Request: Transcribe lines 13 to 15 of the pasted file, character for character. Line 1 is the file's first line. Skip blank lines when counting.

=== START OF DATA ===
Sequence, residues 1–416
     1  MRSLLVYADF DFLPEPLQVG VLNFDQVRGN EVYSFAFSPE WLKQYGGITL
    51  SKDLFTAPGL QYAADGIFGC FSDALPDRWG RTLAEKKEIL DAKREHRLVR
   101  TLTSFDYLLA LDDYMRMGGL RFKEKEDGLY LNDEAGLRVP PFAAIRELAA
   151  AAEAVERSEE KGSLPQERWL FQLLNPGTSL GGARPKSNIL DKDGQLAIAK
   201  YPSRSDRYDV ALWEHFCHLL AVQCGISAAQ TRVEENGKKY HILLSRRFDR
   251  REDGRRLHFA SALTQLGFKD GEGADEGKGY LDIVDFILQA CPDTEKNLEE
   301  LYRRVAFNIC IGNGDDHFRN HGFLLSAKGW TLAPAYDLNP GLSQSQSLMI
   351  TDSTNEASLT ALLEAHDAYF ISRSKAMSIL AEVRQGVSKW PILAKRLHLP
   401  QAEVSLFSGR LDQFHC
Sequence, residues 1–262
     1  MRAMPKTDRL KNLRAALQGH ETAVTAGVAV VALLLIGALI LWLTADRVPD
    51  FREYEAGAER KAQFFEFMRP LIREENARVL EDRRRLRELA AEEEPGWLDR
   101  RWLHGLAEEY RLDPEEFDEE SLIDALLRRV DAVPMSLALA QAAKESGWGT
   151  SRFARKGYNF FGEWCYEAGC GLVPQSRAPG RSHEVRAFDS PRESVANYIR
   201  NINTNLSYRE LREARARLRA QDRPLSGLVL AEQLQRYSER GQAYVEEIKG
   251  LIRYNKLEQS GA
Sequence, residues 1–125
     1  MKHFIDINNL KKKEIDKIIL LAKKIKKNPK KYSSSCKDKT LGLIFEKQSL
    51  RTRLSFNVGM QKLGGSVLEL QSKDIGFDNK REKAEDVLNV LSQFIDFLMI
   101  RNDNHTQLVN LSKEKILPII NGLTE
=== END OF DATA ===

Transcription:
    51  FREYEAGAER KAQFFEFMRP LIREENARVL EDRRRLRELA AEEEPGWLDR
   101  RWLHGLAEEY RLDPEEFDEE SLIDALLRRV DAVPMSLALA QAAKESGWGT
   151  SRFARKGYNF FGEWCYEAGC GLVPQSRAPG RSHEVRAFDS PRESVANYIR